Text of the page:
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Is the auto industry being disrupted by millennials?

There are so many contradictory reports and studies on the subject that I recently read up on it and came across several interesting pieces of information that I thought I would share in this blog: Millennials are growing in number and their preferences when it comes to buying a car are vastly different from those of baby boomers or Generation X.

The truth is that millennials drive 72% more miles than baby boomers and 18% more than Gen-X, and that 80% of millennials still use a car as their primary mode of transportation, despite the fact that much research focuses on how millennials prefer to avoid driving.
Millennials are proponents of individualism and want their vehicles to reflect their personality. They want to design their own interior and exterior color schemes, custom tires, and other custom materials so that they feel like they own their vehicle.
The world of today is extremely tech-savvy, and millennials want their cars to reflect that. Millennials love technology. When millennials buy a car, they want it to have features like night vision, backup cameras, collision avoidance systems, self-healing paint, XM radio, and other bells and whistles that make driving a car a great technological experience.
Millennials support autonomous driving: A study by IHS Automotive found that despite the fact that 80% of millennials own vehicles, 88% of them fear “other motorists” and support autonomous driving technologies. This is something that a lot of original equipment manufacturers (OEMs) are aware of, and companies like Tesla and BMW incorporate driver-free features into their automobiles.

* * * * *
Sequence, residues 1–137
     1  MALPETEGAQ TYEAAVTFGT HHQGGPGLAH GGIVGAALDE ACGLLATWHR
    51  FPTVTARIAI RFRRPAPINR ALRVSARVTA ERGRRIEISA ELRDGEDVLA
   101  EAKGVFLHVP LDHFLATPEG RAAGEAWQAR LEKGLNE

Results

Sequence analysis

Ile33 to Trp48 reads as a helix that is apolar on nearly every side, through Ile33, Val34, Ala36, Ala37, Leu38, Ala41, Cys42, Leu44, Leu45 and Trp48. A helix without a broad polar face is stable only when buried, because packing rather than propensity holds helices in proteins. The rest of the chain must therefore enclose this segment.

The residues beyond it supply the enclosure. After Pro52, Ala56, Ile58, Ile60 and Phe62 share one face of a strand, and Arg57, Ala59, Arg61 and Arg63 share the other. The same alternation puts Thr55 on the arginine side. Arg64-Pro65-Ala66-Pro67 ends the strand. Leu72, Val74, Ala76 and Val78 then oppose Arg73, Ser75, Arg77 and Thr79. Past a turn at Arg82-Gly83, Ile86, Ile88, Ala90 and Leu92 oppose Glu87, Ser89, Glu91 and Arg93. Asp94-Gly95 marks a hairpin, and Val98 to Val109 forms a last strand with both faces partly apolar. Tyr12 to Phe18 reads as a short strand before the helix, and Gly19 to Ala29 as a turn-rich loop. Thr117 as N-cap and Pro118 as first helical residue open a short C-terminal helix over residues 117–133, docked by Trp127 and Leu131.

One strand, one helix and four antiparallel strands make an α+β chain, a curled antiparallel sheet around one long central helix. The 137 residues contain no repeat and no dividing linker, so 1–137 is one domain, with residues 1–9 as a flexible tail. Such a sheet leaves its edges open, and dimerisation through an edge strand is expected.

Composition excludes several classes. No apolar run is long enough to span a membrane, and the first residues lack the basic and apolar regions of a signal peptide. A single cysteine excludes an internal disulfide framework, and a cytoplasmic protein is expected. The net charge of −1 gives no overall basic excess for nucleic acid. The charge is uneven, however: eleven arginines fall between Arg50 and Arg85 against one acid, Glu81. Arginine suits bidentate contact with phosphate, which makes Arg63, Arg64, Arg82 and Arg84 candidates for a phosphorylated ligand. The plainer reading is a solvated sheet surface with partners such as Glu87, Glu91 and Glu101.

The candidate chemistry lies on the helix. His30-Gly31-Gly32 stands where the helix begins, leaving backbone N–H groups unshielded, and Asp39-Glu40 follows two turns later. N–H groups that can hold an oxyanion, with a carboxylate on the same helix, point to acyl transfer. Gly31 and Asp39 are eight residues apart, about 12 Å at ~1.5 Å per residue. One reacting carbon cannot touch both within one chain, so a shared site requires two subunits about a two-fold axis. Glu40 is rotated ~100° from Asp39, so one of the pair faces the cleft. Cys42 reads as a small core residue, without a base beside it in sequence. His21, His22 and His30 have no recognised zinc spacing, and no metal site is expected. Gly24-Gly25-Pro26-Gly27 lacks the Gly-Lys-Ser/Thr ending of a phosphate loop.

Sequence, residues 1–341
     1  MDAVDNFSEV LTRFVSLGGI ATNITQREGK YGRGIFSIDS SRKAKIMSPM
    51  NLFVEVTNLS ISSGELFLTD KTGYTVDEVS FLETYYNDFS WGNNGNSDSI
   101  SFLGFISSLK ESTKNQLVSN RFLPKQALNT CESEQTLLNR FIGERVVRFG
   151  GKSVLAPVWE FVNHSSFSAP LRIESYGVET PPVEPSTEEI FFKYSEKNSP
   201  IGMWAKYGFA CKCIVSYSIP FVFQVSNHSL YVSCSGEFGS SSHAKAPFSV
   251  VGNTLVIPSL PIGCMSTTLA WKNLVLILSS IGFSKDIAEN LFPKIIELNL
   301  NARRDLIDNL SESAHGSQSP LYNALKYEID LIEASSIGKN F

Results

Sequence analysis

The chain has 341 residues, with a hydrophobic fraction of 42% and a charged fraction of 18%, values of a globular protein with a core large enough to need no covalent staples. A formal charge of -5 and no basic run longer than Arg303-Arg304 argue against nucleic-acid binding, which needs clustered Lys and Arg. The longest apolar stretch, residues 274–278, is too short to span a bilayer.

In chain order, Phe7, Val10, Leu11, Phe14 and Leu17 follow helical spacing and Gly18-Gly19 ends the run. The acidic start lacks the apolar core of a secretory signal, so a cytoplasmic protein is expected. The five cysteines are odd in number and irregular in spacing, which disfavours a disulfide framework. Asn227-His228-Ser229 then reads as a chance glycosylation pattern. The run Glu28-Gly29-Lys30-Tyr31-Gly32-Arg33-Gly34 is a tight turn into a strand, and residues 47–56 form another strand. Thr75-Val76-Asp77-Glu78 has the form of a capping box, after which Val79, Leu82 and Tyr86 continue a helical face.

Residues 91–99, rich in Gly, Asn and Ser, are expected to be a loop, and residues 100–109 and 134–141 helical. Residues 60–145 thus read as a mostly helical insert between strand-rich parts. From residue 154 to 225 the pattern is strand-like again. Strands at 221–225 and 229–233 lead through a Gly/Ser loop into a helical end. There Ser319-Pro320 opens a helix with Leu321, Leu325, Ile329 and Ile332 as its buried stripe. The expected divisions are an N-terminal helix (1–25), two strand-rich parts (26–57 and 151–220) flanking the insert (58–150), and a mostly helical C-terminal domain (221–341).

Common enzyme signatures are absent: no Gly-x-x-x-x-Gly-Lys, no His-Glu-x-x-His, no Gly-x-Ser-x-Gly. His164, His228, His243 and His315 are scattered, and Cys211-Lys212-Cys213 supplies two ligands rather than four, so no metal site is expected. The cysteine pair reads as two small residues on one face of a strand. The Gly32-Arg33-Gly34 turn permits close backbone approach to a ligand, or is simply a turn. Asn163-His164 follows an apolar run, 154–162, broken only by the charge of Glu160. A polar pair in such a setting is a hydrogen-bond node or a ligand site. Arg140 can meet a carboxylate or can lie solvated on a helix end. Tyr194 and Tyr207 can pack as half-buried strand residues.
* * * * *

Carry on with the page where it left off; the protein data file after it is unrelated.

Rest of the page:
Millennials want cars that are easier to use. While everyone loves a sports car, many millennials want something a little easier to use. Full-size SUVs continue to gain popularity, despite the fact that millennials still prefer compact and midsize cars.
Social car shopping is on the rise, and seven out of ten millennials suffer from FOMO (fear of missing out). On social media, their friends post pictures of brand-new automobiles, and they want one too. Instagram, Snapchat, and Twitter campaigns are now being used by many dealerships to target millennials.
The test drive is no longer what it used to be; it is all about the experience. The experience should be completely in their hands for millennials. Showrooms progressively permit purchasers to bring the vehicle back home for a day to figure out it, as a matter of fact. In addition, a digital test drive has been developed by some dealerships, providing millennials with a personalized experience that makes them feel more at ease with the procedure.
These points certainly provide some cause for reflection. The largest generation in US history, the 92 million millennials, are not exactly going with the flow. For the majority of the past century, the automotive industry has been a part of American society. Will millennials alter the current road network? We are certain to experience some interesting times in the future!

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